Horiatiko Psomi, a Greek bread, is a crusty country loaf that’s also known as ‘village bread’. It’s a densely textured loaf and is best paired with dips and rustic stews.
This isn’t some floppy white bread with limp fillings that you find in your lunchbox. No, this is a robust bread, meant to be cut or torn by hand into rough chunks.
Psomi is a bread that meant to be devoured, to the very last crumb, not nibbled politely. Psomi is the bread you eat when you’re with friends and family, enjoying a glass or two, and cherishing every moment of conviviality.
Made in a rustic style, with hands-on mixing and kneading, this bread does take some time to make properly. You can use a stand mixer (I do!), and that can cut down on the effort needed in mixing.
But, the key is in the resting, proving, shaping, final prove, and bake. Get this sequence right, and you’ll be biting into some of the best bread that’s ever crossed your lips!
You’ll find this bread served in just about every restaurant in Greece. It usually accompanies a selection of dips, or on the side of your Stifado or Kleftiko.
This, of course, is also what we’d recommend you eat it with.
What to do with stale Psomi?
How’d did you manage to have stale bread? Amazing, but never fear, stale psomi is great for rusks, or croutons, even turned into breadcrumbs!
Here’s what you’ll need to make your Horiatiko Psomi
Horiatiko Psomi Bread Ingredients
Bread (00) flour: Use this gluten rich flour by Caputo, it’s ideal for developing a strong structure in your bread.
Greek honey: If you love authentic flavours as much as I do, then this Greek honey will have you buzzing!
Olive oil: This Ilada Extra Virgin Olive Oil has to be some of the smoothest, and freshest olive oil I’ve ever discovered. It’s a must for any pantry!
Yeast: I’ve baked with Saf Levure for a while now, and always had great results!
Salt: Is essential to all cooking, be it sweet or savoury. This sea salt is just divine!
Essential Psomi Greek Bread Equipment
Scales: a necessary must when baking, a set of reliable scales will help your baking immeasurably by standardising the quantities and timings.
Mixing bowls: Are an essential piece of kit, having enough of them though is another matter entirely! This set will give you years of good service!
Baking sheet: This baking sheet is perfect for all sorts of baking due to having a perforated bottom – lots of hot air circulation!
Scraper: A bit of essential kitchen kit, great for scraping out bowls, lifting dough off a work surface, and for shaping and cutting dough.
Dish or tea towel: used for more than just drying dishes, a good quality cotton tea towel can be used to help prove bread, remove hot items from the oven, and to keep them warm!
Highly Recommended Horiatiko Psomi Equipment
Stand Mixer: I love my KitchenAid, I lusted after them from my Trade-School days, and was over the moon when I finally bought on. I can’t recommend them enough, and I know this stand mixer is just what you want and need!
Silicone mat: These are a great reusable alternative to parchment paper, just give them a wash in hot and soapy water, rinse clean, and leave to air dry.
Water bottle: often used by hairdressers to dampen hair, bakers use water bottles for much the same reason. A spritz here and there will help with forming a crisp and crunchy crust, and to create humidity while proving.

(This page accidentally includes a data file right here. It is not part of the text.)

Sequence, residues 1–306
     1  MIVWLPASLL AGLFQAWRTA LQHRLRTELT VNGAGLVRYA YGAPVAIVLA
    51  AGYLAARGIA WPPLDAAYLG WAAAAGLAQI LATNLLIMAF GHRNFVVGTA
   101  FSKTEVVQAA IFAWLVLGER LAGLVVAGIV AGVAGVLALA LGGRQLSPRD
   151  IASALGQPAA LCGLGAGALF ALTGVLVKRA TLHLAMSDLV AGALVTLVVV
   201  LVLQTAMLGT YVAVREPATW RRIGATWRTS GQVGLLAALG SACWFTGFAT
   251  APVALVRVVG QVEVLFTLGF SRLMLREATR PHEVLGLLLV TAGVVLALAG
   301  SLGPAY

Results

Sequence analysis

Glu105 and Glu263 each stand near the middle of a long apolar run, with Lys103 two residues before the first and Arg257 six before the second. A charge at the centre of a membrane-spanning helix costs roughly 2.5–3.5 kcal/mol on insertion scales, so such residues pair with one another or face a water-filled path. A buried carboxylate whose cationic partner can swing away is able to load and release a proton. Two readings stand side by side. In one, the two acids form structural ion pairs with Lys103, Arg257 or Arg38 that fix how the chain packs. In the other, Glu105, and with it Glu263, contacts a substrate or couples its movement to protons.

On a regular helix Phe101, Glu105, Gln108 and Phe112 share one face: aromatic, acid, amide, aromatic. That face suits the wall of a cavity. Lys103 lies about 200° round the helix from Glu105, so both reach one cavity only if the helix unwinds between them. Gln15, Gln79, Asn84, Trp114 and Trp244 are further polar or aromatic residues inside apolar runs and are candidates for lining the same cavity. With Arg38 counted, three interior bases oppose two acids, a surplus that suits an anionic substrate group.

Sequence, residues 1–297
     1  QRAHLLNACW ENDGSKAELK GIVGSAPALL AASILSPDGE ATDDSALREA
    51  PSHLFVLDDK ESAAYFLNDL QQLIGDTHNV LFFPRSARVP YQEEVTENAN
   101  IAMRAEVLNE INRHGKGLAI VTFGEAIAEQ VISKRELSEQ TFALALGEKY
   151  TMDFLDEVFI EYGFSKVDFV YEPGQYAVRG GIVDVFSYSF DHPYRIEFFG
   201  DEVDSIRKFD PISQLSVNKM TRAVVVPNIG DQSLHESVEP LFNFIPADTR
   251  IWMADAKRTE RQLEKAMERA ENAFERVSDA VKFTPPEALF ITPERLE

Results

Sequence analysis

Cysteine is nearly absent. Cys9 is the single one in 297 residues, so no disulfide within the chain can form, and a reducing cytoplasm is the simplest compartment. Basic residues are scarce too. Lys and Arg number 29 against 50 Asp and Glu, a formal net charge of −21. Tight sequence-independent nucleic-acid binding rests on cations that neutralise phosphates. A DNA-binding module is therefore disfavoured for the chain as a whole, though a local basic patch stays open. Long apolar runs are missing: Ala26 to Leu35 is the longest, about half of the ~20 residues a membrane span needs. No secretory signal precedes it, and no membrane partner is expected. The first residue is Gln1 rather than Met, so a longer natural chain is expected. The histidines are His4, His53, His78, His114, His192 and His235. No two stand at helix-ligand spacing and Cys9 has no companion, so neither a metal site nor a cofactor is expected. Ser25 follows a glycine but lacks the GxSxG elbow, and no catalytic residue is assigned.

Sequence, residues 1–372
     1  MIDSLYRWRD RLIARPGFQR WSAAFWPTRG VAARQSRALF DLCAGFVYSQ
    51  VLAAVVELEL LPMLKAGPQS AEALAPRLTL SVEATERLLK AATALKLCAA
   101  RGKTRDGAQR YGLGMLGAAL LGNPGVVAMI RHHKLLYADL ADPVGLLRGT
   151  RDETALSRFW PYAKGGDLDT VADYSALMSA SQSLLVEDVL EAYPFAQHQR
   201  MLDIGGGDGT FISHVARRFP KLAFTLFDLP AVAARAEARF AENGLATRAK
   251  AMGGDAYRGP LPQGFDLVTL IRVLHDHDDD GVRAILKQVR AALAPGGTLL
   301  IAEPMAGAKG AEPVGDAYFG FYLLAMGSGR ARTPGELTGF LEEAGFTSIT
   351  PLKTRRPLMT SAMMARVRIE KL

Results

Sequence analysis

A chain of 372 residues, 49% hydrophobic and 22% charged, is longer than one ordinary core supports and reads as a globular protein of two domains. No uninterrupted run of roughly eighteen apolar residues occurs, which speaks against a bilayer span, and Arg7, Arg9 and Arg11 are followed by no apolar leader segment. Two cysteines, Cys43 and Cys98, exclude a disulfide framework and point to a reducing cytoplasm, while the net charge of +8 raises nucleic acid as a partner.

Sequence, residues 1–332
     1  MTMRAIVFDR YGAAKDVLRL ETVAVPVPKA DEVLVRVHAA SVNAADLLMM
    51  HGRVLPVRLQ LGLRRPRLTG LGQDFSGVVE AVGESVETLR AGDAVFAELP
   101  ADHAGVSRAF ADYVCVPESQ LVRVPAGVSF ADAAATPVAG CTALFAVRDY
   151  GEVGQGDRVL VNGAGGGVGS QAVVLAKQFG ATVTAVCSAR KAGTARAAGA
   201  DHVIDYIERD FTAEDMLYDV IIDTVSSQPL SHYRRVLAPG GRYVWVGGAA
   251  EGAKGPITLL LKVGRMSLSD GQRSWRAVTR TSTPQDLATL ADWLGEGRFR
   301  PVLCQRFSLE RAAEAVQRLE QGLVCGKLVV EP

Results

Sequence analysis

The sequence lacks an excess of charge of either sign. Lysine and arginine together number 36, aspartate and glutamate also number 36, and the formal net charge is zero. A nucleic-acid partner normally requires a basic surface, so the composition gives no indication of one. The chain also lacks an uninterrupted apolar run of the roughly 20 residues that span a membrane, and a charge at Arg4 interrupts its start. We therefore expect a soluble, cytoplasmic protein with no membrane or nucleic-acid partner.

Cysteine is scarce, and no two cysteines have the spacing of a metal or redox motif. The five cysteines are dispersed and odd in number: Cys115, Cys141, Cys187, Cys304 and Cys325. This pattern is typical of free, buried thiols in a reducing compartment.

Now, onto making some of the most delicious bread you’ve ever tasted!
How to make Horiatiko Psomi – the Greek village bread:
- Stand mixer
- Large mixing bowl
- Dish or tea towel
- Water bottle
- 15 gr dry yeast
- 60 gr water lukewarm
- 60 ml bread flour
- 950 gr bread flour
- 10 gr salt
- 300 ml water lukewarm
- 15 ml milk
- 15 ml olive oil
- 15 ml honey
- To make the starter, dissolve the yeast in a small bowl, add the flour and mix together with the water to make a thick paste. Leave to 'prove' for 20mins.
- In a large mixing bowl, or stand mixer, mix the flour and salt. Add the oil, honey, and milk to the yeast mixture, and combine thoroughly.Add the yeast mix to the flour, and pour in half the water, begin mixing, adding the remaining water as the flour is incorporated.
- When all the flour and water/yeast mix is thoroughly combined, turn the dough out onto a floured surface. Knead the dough until it is smooth, and forms a tight dough.
- Lightly oil a large mixing bowl, or the stand mixer bowl, and place the dough inside, give it a spritz or two of water. Cover with a tea towel and allow to rise for 1.5-2hours.
- When the dough has doubled in size, release the gas by 'punching' the dough. Again, turn it out onto your floured surface, and knead for 5mins.Divide the dough in half, and shape the halves into two loaf shapes – these can be round or oblong.When shaped, place the loaves on a lined and greased baking tray (you can bake them like this), or onto a lightly floured surface to prove – this option is better if you wish to back the loaves on a pizza stone.Leave the loaves to prove for about 1 hour, or doubled in size again.
- Preheat oven to 450F (220C), place a rack just below the middle.
- Just before baking, 'score' the loaf tops with about 2-3 cuts and spritz with water before placing in the oven, as this will help form a thicker crust.Bake for 30-35 minutes, or until golden-brown all over. The loaves will sound 'hollow' when tapped on the bottom when they are cooked.
- Leave your baked loaves on a rack to cool for 10mins before getting stuck in!
Thanks for checking out this post on baking Horiatiko Psomi, I do hope you’ll bake some soon. If you do, please come back and post a comment, or share a photo with the tag: #LarderPantryandGarden.
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